One little tip is always worth paying heed to – “Always remember to avoid the baby bottles at Brendon Stud as it is never milk in them!”

A typical day usually starts at 7am. Shirley explains.

“We usually start with feeding and field checks are done straightaway, but if we have a mare in for frozen semen then we start earlier. If it is just one mare we would usually keep her in overnight and I’ll get up early and deal with her myself along with vet Ed [Lyall] and then he’ll come back later to scan other mares. We could have anything from two or three to 25 mares to scan! This gets trickier when the mares have a foal at foot or are tricky to catch – and there is always one!”

Mucking out, hay and sweeping the yard is completed before the staff break for breakfast.

“We normally collect semen straight after breakfast and again this can vary depending how many stallions need to be collected from and whether we are posting it out, the mare owner or courier is picking it up or if we are using it on site.

“The on-site mares are AI’d with fresh semen straight after collecting and evaluating under the microscope. Otherwise, it is evaluated, packaged up and put in chiller boxes to send out.”

And this is all in a day’s work. In normal years, the stud runs alongside the competition horses travelling to shows while Brendon Stud hosts their own shows throughout the summer – from one day to five-day extravaganzas – and runs a café and busy saddlery store. Where do they find the time to sleep!

This year 18 stallions are available to mares with a huge choice of bloodlines and range from four-year-olds to older, experienced stallions up to the age of 23.

“Some are available fresh/chilled while others are frozen only. Competition sires available include:

Don VHP Z (Diamant De Semilly/Voltaire) DOB 2004. Bought as a two-year-old and produced in Britain, this exceptional stallion qualified for HOYS in the newcomer and Foxhunter finals and won the HOYS grade C championship. Jumped double clear in the King George V gold cup to finish fourth as an eight-year-old before going to top 5* level with Harrie Smolders.

Unbelievable Darco (Darco/Grandeur) DOB 1887. Won the Hickstead five-year-old, Scope five-year-old and the prestigious HOYS Foxhunter final as a five-year-old and went on to jump at 1.50m level.

Caretino Glory (Cheenook/Glorieux) DOB 1998. Won the HOYS young horse evaluations and jumped to 1.60m. Progeny include Sussex Caretino and Glory BV jumping to 1.50m.

Fabrice Van Overis Z (For Pleasure/Diamant De Semilly) DOB 2008. Placed 5th in the HOYS Foxhunter final and jumped to 1.50m.

Noble Warrior (Warrior/Casantos) DOB 2009. A home-bred son of the Tangelo Van De Zuuthoeve stallion Warrior who competed at the London 2012 Olympics. Multiple wins as a young horse and jumped to 1.60m.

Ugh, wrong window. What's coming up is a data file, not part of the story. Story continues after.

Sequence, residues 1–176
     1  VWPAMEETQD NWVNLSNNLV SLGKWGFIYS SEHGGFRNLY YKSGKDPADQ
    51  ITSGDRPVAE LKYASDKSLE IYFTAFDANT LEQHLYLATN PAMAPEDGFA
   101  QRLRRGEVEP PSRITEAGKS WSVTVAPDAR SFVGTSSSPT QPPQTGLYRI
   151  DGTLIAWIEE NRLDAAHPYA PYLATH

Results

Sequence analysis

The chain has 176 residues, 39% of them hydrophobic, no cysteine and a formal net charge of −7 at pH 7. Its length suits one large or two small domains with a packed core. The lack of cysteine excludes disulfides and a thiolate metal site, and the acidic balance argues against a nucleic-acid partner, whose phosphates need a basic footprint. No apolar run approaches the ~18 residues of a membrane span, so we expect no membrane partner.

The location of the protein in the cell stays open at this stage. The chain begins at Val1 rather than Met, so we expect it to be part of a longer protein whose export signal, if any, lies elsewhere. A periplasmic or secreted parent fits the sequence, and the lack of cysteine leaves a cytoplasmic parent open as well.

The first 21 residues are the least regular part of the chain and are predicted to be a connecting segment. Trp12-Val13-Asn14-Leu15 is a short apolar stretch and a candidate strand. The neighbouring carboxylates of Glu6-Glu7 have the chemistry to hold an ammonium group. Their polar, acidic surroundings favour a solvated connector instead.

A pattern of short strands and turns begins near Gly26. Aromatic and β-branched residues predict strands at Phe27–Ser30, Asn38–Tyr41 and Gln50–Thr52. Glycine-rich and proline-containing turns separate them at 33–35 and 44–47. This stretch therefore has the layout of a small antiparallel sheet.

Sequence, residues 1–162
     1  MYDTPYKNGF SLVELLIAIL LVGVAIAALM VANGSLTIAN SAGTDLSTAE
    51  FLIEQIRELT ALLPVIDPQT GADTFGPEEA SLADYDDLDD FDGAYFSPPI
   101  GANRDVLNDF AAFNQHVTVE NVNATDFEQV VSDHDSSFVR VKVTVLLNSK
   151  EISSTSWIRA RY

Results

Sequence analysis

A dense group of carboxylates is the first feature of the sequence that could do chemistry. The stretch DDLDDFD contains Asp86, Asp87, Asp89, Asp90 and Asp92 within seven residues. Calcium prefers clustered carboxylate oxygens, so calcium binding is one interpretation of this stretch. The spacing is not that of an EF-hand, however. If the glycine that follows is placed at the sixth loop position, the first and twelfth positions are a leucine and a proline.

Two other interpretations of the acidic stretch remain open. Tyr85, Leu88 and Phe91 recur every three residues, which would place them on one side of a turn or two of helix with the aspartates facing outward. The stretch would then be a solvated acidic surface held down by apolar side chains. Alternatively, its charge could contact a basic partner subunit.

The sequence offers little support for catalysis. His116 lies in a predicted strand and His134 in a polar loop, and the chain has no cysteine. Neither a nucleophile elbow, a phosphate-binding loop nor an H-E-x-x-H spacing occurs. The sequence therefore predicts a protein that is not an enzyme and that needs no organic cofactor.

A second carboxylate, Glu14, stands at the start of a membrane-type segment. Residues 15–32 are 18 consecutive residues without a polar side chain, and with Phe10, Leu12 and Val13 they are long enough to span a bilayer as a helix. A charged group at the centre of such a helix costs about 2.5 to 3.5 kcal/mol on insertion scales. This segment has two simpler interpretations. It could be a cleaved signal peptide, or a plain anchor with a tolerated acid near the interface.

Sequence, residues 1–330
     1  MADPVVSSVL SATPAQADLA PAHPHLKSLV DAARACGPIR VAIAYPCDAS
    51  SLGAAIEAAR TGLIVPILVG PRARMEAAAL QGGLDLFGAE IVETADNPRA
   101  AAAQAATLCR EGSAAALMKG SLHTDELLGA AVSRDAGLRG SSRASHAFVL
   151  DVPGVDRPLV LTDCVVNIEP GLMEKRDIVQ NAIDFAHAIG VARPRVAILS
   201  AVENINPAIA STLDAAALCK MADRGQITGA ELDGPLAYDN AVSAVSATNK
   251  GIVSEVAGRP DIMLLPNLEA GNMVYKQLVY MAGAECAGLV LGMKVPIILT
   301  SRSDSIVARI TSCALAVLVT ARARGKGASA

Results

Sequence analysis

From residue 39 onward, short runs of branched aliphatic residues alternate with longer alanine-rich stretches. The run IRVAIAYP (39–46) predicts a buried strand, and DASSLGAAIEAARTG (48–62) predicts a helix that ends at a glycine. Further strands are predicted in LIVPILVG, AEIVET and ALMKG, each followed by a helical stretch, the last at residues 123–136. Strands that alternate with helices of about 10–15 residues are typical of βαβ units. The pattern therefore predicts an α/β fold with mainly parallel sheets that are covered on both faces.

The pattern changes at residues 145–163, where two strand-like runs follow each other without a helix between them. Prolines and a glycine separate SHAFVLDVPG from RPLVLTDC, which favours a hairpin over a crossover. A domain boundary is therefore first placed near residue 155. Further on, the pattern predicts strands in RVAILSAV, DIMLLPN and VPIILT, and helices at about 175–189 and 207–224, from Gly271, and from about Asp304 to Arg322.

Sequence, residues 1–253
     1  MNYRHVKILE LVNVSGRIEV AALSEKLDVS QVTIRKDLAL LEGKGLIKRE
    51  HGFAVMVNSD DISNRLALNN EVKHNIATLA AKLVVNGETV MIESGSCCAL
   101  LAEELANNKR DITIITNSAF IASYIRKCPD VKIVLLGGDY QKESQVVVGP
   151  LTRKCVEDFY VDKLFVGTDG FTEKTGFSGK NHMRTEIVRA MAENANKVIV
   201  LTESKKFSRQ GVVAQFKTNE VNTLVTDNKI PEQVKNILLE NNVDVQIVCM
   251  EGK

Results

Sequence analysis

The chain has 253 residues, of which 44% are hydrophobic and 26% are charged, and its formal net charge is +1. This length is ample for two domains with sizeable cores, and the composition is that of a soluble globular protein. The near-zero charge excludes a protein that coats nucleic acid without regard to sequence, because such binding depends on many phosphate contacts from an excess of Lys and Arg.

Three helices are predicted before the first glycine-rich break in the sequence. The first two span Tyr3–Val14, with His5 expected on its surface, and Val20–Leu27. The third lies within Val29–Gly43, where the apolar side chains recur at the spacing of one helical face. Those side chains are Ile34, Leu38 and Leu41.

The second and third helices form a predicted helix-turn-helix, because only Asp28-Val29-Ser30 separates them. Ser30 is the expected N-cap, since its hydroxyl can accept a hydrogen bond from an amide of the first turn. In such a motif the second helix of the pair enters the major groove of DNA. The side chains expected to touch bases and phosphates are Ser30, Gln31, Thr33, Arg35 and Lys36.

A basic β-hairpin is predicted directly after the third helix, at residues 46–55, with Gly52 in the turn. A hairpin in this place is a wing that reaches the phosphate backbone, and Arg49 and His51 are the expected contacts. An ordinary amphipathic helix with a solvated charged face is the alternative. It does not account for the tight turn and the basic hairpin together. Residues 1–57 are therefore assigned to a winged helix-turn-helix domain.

Warratino (Warrior/Caretino Glory) DOB 2010. Another home-bred Warrior son jumping at 1.40m.

Noble Warrior (Warrior/Casantos) DOB 2009. Multiple wins as a young horse and stepped up easily to 1.60m with wins and placings at this level including Hickstead, Helsinki, HOYS and Gijon.

Lord Don (Don VHP Z/Hamilton III) DOB 2011. 17hh home-bred with the characteristics and looks of his sire jumping at 1.40m.

Envoy Merelsnest (Elvis Ter Putte/Voltaire) DOB 2013. Young stallion bred from the same mother as Don VHP Z and Carlos VHP Z – the only mare to have two offspring in the top 10 of the world.

Usher Van Overis Z (Untouchable/Ahorn) DOB 2013. Another young stallion showing great promise in young horse classes.

Klaris Giddy-Up (Don VHP Z/Caretino Glory) DOB 2013. Home-bred by European silver medallist and Global Champions grand prix winner Don VHP Z. A double clear round machine showing great trainability and attitude and a winner in young horse classes.

Regal Don (Don VHP Z/Sebastian III) DOB 2013. Another home-bred by Don VHP Z and out of a mare by Sebastian – who jumped to 5* level with Scott Brash. Now jumping young horse classes.

Pandito Van’t Merelsnest (Plot Blue/Larino) DOB 2015. By Marcus Ehning’s prolific 1.60m winner Plot Blue with the grandsire on the dam side also a 1.60m winner. Competing in young horse classes.

Genius Contender (Brainpower/Corland) DOB 2011. Standing 17hh and tracing back to great sires Contender, Guidam, Cor De La Bryere and Acorado and jumping up to 1.40m.

Creevy Pacino Cruise (Pacino/Cruising) DOB 2013. By Ireland’s Clem McMahon’s 5* superstar Pacino who sadly died before his time and out of a daughter of the world-renowned Cruising. Jumping well in young horse classes.

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Text and Photos © Jumping Around & courtesy Brendon Stud


© 2015